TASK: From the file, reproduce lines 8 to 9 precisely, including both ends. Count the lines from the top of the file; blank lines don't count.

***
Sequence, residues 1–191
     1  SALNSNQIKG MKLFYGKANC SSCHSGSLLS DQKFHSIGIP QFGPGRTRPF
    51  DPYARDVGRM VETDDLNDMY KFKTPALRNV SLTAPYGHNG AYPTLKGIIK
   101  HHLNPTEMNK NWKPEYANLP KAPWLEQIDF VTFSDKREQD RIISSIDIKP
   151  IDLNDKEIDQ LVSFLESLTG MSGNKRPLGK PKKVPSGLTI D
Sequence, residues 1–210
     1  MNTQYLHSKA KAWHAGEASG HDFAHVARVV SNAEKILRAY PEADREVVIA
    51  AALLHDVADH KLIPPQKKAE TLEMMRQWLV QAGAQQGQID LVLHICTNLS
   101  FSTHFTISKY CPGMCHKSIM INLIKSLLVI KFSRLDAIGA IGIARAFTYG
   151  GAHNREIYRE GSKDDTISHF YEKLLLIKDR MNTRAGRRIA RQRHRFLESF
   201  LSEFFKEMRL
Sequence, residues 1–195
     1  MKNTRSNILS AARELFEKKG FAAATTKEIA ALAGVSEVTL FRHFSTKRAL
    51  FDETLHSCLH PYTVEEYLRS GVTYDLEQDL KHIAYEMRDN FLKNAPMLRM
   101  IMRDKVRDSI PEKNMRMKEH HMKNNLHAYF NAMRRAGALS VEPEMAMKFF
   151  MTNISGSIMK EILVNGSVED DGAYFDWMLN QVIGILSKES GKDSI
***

    51  AALLHDVADH KLIPPQKKAE TLEMMRQWLV QAGAQQGQID LVLHICTNLS
   101  FSTHFTISKY CPGMCHKSIM INLIKSLLVI KFSRLDAIGA IGIARAFTYG